About The Universal Gnostic Fellowship

The Universal Gnostic Fellowship traces its apostolic lineage through the Apostles of the Master Jesus to Christ Melchizedek and, it is claimed, back to Enoch, and through Enoch to the first man and priest, Adam. Those consecrated in the Universal Gnostic Fellowship are consecrated under Gnostic and Apostolic Succession initiated by the Master Jesus and Mary Magdalene and the Apostles Peter, Andrew, James, Jude, Bartholomew, and Thomas. The Gnostic lines also include earlier lineages from the Masters Enoch and Melchizedek.

The Universal Gnostic Fellowship subscribes to one doctrine - the Doctrine of the One. According to this doctrine, everything we perceive or can possibly conceive is the Divine; there is nothing which is not the Divine; the Divine is everything there is, and everything which ever was or ever will be. This is the original doctrine taught by the early shamans, Enoch, Christ Melchizedek, the Prophets, the Master Jesus and many other saints, sages and teachers. It was the fundamental doctrine of the early Christians and Gnostics. There was no other doctrine then, and the Universal Church requires no other doctrine now.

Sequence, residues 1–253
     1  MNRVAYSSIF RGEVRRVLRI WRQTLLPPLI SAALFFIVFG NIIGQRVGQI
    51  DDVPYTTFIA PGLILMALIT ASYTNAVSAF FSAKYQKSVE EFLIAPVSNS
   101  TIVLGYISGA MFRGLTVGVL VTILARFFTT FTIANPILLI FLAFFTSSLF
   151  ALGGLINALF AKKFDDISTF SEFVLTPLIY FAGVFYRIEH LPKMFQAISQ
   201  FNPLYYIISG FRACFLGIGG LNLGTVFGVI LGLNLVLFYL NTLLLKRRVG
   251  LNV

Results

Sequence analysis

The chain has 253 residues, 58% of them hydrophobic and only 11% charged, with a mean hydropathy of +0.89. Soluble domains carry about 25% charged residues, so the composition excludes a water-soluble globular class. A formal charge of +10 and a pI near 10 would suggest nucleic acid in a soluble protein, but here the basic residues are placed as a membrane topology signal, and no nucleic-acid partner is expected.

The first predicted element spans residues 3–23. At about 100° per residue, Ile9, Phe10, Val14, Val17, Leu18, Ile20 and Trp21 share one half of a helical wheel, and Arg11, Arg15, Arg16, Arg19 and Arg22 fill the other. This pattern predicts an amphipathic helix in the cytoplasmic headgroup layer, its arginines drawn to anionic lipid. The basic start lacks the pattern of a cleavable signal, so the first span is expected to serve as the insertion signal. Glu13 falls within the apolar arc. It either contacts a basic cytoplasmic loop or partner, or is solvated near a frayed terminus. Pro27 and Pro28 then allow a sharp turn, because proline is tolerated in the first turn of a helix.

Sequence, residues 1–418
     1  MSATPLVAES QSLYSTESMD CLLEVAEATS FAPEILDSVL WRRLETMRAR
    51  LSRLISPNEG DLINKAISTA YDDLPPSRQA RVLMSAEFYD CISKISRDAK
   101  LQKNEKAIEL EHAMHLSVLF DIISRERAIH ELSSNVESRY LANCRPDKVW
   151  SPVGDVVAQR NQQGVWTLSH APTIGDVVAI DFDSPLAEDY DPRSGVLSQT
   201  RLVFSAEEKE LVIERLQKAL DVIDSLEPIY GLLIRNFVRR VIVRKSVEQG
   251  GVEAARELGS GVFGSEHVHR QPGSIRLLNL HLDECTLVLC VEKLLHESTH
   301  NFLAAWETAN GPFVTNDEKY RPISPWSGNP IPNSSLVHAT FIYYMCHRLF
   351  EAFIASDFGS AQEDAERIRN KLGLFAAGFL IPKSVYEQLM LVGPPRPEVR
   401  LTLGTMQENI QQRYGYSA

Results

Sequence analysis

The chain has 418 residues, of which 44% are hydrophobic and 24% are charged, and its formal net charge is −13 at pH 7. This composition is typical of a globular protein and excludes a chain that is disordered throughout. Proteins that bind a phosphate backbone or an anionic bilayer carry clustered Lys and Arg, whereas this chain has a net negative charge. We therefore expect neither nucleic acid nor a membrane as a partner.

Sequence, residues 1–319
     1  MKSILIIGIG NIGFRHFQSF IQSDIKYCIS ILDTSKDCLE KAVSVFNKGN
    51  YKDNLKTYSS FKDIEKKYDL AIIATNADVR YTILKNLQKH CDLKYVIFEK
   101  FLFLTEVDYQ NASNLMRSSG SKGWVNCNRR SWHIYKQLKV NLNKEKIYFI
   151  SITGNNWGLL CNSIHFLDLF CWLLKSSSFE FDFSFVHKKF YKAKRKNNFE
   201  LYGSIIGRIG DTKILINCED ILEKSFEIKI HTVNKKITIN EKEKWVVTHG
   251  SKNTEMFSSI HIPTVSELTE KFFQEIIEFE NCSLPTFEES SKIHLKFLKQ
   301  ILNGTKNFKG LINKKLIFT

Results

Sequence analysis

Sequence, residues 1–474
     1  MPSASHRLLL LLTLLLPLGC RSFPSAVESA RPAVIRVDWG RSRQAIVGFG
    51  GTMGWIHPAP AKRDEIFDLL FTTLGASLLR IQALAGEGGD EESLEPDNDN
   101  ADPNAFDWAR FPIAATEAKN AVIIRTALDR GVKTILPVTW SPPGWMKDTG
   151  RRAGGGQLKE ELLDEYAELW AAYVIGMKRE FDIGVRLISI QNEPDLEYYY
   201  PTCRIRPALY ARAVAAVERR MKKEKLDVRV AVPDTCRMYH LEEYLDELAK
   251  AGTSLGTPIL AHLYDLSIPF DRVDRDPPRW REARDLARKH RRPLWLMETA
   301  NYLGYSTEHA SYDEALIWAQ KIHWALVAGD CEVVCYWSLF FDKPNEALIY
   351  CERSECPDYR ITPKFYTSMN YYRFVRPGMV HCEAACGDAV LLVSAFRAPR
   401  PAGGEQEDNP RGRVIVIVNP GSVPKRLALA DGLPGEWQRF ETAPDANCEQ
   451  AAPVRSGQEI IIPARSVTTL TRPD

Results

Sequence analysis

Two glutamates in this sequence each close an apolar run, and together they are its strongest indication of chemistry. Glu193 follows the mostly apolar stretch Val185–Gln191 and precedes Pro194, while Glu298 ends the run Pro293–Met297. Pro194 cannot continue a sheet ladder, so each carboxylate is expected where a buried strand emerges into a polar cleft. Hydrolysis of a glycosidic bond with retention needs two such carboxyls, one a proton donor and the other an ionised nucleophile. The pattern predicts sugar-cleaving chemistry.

According to the beliefs of the Universal Gnostic Fellowship, every person who is living now, has ever lived, or ever will live, is an expression of, and part of, the One Source. We all live and die in the Divine; none of us ever lives or dies in anything else but the Divine. We are never apart from the Divine, we are always a part of the Divine. Therefore, we can know the Divine.

To believe we can know the Divine defines the concept of gnosis. The person who believes he or she can know the Divine is a Gnostic. To be Gnostic is to believe we can know the Divine, we can learn the Divine's purpose for us, we can approach the Divine in consciousness, we can move closer to the Divine, we can know the Divine. The clergy in the Universal Gnostic Fellowship are Gnostic because we seek to know the Divine, whomever and whatever the Divine may be.